Supervisors Endorse Merger of County Agencies : Legislation: Unification of the transit district and the Transportation Commission is meant to end duplication of effort.


Orange County supervisors Friday endorsed a controversial plan to merge the county’s two major transportation agencies, apparently clearing the way for easy passage of the plan by the state Legislature.

The plan, which has been more than a year in the making, would merge the Orange County Transportation Commission with the Orange County Transit District. The result, backers say, will be a streamlined, accountable transportation agency overseen by a single board and an all-encompassing Orange County Transportation Authority.

Under the current arrangement, the Transportation Commission is primarily a planning body, while the Transit District primarily runs the county’s bus system. Although their functions are related, the two agencies have separate staffs and respond to different boards of directors.

“This will result in enormous efficiencies in terms of staff,” said Supervisor Roger R. Stanton, the chief proponent of consolidation on the Board of Supervisors. “We have a need for coordination and planning on transportation. It’s totally inane that we have all this duplication of effort.”


The supervisors’ vote follows unanimous endorsement of the proposal Thursday night by the Orange County chapter of the California League of Cities. The chapter includes representatives from all 29 cities in the county. With both the cities and the county finally in agreement on an issue that has long divided them, all parties agreed that a bill to merge the two agencies will likely win the backing of the Legislature and the governor.

If approved, the new authority would oversee transportation expenditures in the county that amounted to nearly $300 million last year.

Although the supervisors unanimously approved the proposal Friday, in the past there has been strong resistance from many quarters. The supervisors themselves were once deeply skeptical of the proposal, when it involved a broader merger of city and county government operations under a so-called council of governments. That idea is still under debate, but the transportation issue represented a narrower area of common ground between the county and the cities.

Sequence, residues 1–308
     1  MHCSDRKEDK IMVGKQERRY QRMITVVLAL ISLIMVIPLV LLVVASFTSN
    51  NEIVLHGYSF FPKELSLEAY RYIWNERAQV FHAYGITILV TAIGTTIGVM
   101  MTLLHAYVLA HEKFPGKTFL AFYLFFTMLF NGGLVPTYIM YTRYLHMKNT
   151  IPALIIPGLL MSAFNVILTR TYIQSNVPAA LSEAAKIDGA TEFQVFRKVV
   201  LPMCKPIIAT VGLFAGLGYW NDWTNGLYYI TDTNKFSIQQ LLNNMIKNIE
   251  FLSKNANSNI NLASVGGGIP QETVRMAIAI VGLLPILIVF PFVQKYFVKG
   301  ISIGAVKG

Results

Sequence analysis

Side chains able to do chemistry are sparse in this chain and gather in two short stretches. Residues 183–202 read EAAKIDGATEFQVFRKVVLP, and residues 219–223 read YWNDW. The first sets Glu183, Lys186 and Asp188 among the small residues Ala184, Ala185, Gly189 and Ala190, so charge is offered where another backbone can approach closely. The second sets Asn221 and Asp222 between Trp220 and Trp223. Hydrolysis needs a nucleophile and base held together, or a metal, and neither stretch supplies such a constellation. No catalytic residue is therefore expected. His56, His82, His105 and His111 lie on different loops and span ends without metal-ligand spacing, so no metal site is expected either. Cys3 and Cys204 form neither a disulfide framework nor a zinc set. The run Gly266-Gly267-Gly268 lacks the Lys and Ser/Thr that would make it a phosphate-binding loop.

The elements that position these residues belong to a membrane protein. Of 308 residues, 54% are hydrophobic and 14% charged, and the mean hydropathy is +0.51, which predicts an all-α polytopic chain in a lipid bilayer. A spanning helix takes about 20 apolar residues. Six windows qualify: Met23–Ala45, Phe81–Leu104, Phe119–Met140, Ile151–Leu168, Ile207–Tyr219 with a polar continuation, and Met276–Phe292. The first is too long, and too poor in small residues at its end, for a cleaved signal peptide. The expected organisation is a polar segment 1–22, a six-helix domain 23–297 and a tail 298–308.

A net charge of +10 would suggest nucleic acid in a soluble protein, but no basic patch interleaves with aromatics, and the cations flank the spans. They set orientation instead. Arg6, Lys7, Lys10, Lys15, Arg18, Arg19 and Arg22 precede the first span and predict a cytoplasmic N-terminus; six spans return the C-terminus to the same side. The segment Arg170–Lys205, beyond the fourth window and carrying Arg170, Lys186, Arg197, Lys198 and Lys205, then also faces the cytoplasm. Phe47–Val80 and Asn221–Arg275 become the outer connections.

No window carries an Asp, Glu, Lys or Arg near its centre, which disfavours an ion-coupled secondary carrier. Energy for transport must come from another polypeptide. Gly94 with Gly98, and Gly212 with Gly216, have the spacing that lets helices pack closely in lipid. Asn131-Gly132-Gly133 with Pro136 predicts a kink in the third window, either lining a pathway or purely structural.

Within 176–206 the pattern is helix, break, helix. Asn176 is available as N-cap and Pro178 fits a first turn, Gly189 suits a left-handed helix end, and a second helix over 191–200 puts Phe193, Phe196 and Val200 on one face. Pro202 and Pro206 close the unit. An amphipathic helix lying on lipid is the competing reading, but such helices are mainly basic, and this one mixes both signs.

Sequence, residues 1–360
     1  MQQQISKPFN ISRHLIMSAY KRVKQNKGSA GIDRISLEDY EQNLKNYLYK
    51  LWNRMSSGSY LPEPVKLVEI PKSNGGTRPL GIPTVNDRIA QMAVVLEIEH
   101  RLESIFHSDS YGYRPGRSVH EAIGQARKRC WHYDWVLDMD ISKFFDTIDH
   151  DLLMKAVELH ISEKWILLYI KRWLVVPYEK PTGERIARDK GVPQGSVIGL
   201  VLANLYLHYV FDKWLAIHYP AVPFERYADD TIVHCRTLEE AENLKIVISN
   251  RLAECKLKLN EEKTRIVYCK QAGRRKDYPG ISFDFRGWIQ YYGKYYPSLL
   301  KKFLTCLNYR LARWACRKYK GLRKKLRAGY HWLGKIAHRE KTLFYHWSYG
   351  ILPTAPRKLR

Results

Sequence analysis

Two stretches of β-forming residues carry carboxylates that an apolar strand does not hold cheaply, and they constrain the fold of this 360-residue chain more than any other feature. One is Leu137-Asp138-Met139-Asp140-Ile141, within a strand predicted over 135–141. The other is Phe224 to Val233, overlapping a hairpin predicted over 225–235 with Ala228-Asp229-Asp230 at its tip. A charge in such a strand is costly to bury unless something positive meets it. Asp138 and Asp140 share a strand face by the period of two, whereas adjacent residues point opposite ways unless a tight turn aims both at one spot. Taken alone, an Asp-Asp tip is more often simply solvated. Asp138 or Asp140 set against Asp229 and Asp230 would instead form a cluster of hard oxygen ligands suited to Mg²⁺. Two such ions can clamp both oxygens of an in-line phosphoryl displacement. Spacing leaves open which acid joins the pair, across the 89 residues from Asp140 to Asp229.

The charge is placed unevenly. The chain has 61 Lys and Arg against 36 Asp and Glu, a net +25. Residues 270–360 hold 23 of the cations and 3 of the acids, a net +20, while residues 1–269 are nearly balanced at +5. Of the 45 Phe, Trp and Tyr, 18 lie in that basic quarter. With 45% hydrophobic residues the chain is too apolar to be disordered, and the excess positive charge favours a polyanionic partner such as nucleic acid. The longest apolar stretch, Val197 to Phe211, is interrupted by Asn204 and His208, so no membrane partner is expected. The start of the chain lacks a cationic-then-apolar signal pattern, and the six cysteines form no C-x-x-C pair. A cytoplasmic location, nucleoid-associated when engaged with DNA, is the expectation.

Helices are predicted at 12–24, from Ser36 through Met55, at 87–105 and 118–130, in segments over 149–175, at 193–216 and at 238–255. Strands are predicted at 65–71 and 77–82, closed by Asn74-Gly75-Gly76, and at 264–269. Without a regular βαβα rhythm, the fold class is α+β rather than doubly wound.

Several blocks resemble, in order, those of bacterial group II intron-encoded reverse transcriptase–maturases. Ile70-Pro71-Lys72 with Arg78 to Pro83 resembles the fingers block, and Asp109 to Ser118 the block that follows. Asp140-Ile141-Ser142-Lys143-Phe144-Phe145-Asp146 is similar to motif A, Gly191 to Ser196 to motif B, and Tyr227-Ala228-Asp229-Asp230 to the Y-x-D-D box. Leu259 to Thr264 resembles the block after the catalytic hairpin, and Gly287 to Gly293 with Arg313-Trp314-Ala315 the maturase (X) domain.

Even the transportation measure has been contentious, however, and state Sen. Marian Bergeson (R-Newport Beach), the author of the merger bill, conceded that there will be trying times ahead as the two organizations merge into one.

Some positions at each of the agencies likely will be cut or redefined in order to reduce duplicated efforts, and some officials could lose their jobs, though most of the trimming will probably take place through attrition, Bergeson said.

“Any time you consolidate, there’s always a fear, and this transition may be difficult,” she said. “But we’re after a cost-effective system.”

Stan Oftelie, executive director of the Transportation Commission, called Friday’s action “extraordinary” and warmly praised Stanton for pressing the issue during the past year. Oftelie acknowledged that the merger may be difficult for staff members at the agencies, but he said he supports it nonetheless.

“It may make sense to remove some of these jobs,” he said. “If unifying the transportation agencies results in greater efficiencies and it means that I may lose this job, then I still think we should pursue it.”

James P. Reichert, executive director of the transit district, was unavailable for comment Friday, but a spokeswoman for the district also praised the Bergeson proposal, calling it an important step toward a unified transportation agency that would draw cities into countywide decision-making on a variety of issues.

Giving more voice to the cities, however, usually comes largely at the county’s expense, and several supervisors expressed reservations about the makeup of the authority even as they approved it.

Under Bergeson’s proposal, a new, 11-member board would replace the two boards that currently oversee the transportation agencies. Six of the new board members would be city council members, and four would be county supervisors. The 11th member would be named from the public at large.

Supervisors Chairman Don R. Roth was one of several supervisors who said he had reservations about creating a board in which cities would be able to outvote the county on transportation matters.

“I’m very concerned about the makeup,” he said later, “but I voted for it because it’s a giant step in the right direction.”

Hearings will open on the proposal within the next two weeks, Bergeson said Friday, and the new authority could be in place as early as January.